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## Evaluating the squared sinc integral.

Posted by peeterjoot on December 10, 2011

# Motivation

In the Fermi’s golden rule lecture we used the result for the integral of the squared $\text{sinc}$ function. Here is a reminder of the contours required to perform this integral.

# Guts

We want to evaluate

\begin{aligned}\int_{-\infty}^\infty \frac{\sin^2 (x\left\lvert {\mu} \right\rvert)}{x^2} dx\end{aligned} \hspace{\stretch{1}}(1.2.1)

We make a few change of variables

\begin{aligned}\begin{aligned}\int_{-\infty}^\infty \frac{\sin^2 (x\left\lvert {\mu} \right\rvert)}{x^2} dx &= \left\lvert {\mu} \right\rvert \int_{-\infty}^\infty \frac{\sin^2 (y)}{y^2} dy \\ &= -i \left\lvert {\mu} \right\rvert \int_{-\infty}^\infty \frac{(e^{iy} - e^{-iy})^2}{(2 i y)^2} i dy \\ &=-\frac{i \left\lvert {\mu} \right\rvert}{4} \int_{-i\infty}^{i\infty} \frac{e^{2z} + e^{-2z} - 2}{z^2} dz\end{aligned}\end{aligned} \hspace{\stretch{1}}(1.2.2)

Now we pick a contour that is distorted to one side of the origin as in fig. 1.1

Fig 1.1: Contour distorted to one side of the double pole at the origin

We employ Jordan’s theorem (section 8.12 [1]) now to pick the contours for each of the integrals since we need to ensure the $e^{\pm z}$ terms converges as $R \rightarrow \infty$ for the $z = R e^{i\theta}$ part of the contour. We can write

\begin{aligned}\int_{-\infty}^\infty \frac{\sin^2 (x\left\lvert {\mu} \right\rvert)}{x^2} dx=-\frac{i \left\lvert {\mu} \right\rvert}{4} \left(\int_{C_0 + C_2} \frac{e^{2z}}{z^2} dz-\int_{C_0 + C_1} \frac{e^{-2z}}{z^2} dz-\int_{C_0 + C_1} \frac{2}{z^2} dz\right)\end{aligned} \hspace{\stretch{1}}(1.2.3)

The second two integrals both surround no poles, so we have only the first to deal with

\begin{aligned}\begin{aligned}\int_{C_0 + C_2} \frac{e^{2z}}{z^2} dz &= 2 \pi i \frac{1}{{1!}} {\left.{{ \frac{d}{dz} e^{2z}}}\right\vert}_{{z=0}} \\ &= 4 \pi i \end{aligned}\end{aligned} \hspace{\stretch{1}}(1.2.4)

Putting everything back together we have

\begin{aligned}\int_{-\infty}^\infty \frac{\sin^2 (x\left\lvert {\mu} \right\rvert)}{x^2} dx &= -\frac{i \left\lvert {\mu} \right\rvert}{4} 4 \pi i \\ &= \pi \left\lvert {\mu} \right\rvert\end{aligned} \hspace{\stretch{1}}(1.2.5)

## On the cavalier choice of contours

The choice of which contours to pick above may seem pretty arbitrary, but they are for good reason. Suppose you picked $C_0 + C_1$ for the first integral. On the big $C_1$ arc, then with a $z = R e^{i \theta}$ substitution we have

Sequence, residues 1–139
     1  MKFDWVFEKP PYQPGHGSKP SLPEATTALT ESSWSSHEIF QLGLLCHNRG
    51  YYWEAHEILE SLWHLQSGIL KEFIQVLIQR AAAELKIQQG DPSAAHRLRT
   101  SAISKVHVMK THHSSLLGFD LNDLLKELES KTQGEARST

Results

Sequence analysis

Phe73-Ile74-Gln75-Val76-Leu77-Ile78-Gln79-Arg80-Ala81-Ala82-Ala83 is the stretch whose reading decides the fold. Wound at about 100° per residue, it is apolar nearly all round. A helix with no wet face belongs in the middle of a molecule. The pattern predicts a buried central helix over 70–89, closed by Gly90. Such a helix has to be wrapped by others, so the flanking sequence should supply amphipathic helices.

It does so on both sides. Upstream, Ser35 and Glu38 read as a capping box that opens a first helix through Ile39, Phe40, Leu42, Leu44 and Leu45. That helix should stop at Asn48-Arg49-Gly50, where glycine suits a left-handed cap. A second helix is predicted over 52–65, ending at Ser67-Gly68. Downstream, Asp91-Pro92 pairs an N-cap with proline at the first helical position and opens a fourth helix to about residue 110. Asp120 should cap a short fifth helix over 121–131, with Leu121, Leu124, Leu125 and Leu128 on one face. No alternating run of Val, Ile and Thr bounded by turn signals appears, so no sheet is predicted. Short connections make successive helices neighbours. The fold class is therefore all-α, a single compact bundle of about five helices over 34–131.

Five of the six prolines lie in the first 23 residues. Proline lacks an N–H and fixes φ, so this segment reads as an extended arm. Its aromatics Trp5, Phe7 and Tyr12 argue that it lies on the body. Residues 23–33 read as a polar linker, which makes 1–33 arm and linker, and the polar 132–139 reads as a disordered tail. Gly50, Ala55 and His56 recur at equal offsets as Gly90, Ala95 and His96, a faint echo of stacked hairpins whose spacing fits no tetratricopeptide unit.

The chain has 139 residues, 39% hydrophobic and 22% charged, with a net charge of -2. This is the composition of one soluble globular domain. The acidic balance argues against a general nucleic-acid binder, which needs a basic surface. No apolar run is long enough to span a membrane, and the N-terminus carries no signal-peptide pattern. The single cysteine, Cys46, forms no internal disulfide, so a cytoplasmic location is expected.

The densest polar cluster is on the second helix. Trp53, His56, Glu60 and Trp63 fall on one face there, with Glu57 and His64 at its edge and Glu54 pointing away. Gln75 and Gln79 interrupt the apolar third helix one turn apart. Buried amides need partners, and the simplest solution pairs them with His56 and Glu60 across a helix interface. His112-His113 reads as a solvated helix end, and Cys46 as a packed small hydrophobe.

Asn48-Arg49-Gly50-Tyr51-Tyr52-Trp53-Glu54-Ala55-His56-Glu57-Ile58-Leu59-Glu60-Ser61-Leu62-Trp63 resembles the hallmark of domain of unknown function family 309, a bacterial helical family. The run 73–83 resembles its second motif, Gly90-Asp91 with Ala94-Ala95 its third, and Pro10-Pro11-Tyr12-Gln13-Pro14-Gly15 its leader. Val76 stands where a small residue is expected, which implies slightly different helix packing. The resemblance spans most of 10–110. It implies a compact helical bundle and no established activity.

\begin{aligned}\left\lvert {\int_{C_1} \frac{e^{2 z}}{z^2} dz} \right\rvert &= \left\lvert {\int_{\theta = \pi/2}^{-\pi/2} \frac{e^{ 2 R (\cos\theta + i \sin\theta) }}{R^2 e^{ 2 i \theta}}R i e^{i \theta} d\theta} \right\rvert \\ &= \frac{1}{R}\left\lvert {\int_{\theta = \pi/2}^{-\pi/2} e^{ 2 R (\cos\theta + i \sin\theta) }e^{-i \theta} d\theta} \right\rvert \\ &\le \frac{1}{R}\int_{\theta = -\pi/2}^{\pi/2} \left\lvert {e^{ 2 R \cos\theta }} \right\rvert d\theta \\ &\le \frac{\pi e^{2 R}}{R}\end{aligned} \hspace{\stretch{1}}(1.2.6)

This clearly doesn’t have the zero convergence property that we desire. We need to pick the $C_2$ contour for the first (positive exponent) integral since in that $[\pi/2, 3\pi/2]$ range, $\cos\theta$ is always negative. We can however, use the $C_1$ contour for the second (negative exponent) integral. Explicitly, again by example, using $C_2$ contour for the first integral, over that portion of the arc we have

\begin{aligned}\left\lvert {\int_{C_2} \frac{e^{2 z}}{z^2} dz} \right\rvert &= \left\lvert {\int_{\theta = \pi/2}^{3 \pi/2} \frac{e^{ 2 R (\cos\theta + i \sin\theta) }}{R^2 e^{ 2 i \theta}}R i e^{i \theta} d\theta} \right\rvert \\ &= \frac{1}{R}\left\lvert {\int_{\theta = \pi/2}^{3 \pi/2} e^{ 2 R (\cos\theta + i \sin\theta) }e^{-i \theta} d\theta} \right\rvert \\ &\le \frac{1}{R}\int_{\theta = \pi/2}^{3 \pi/2} \left\lvert {e^{ 2 R \cos\theta }d\theta} \right\rvert \\ &\approx \frac{1}{R}\int_{\theta = \pi/2}^{3 \pi/2} \left\lvert {e^{ -2 R }d\theta} \right\rvert \\ &= \frac{\pi e^{-2 R} }{R}\end{aligned} \hspace{\stretch{1}}(1.2.7)

# References

[1] W.R. Le Page and W.R. LePage. Complex Variables and the Laplace Transform for Engineers. Courier Dover Publications, 1980.

1. ### Dougsaid

How can you justify the contours used in equation 2.2? For the first term, you choose C0+C2 to include the double pole at the origin, whereas in the second term, you choose C0+C1 to omit the double pole at the origin. How can you include or omit the poles in such cavalier fashion? (I believe the third term evaluates to zero because its residue is zero, and not due to the choice of C1 vs. C2.)

• ### peeterjootsaid

I’ve added some rationale on why the contours were chosen. Tightening up the argument where I’ve just lazily written $\approx$ is the job of Jordan’s theorem.

2. ### Evgeniy Kogansaid

There is an error in above calculation.
In line where variable “y” is changed by “z” before exp(-2z) should be plus and not minus

• ### peeterjootsaid

I don’t see where you are talking about (the line before “Now we pick a contour”?). Note that the change of variables was $i y \rightarrow z$. The minus sign in the equation right before that $i y \rightarrow z$ is due to a factorization of unity $dy = -i i dy$.

NOTE: I’ve regenerated the attached pdf with equation numbers for all equations and refreshed this page.

EDIT2: Ah, I see the rogue sign you are talking about. Thanks.

• ### Evgeniy Kogansaid

When you open brackets (e^x-e^(-x))^2 in numerator it is equal to e^(2z)+e^(-2z)-2 and not to e^(2z)-e^(-2z)-2.
It doesn’t affect the final result.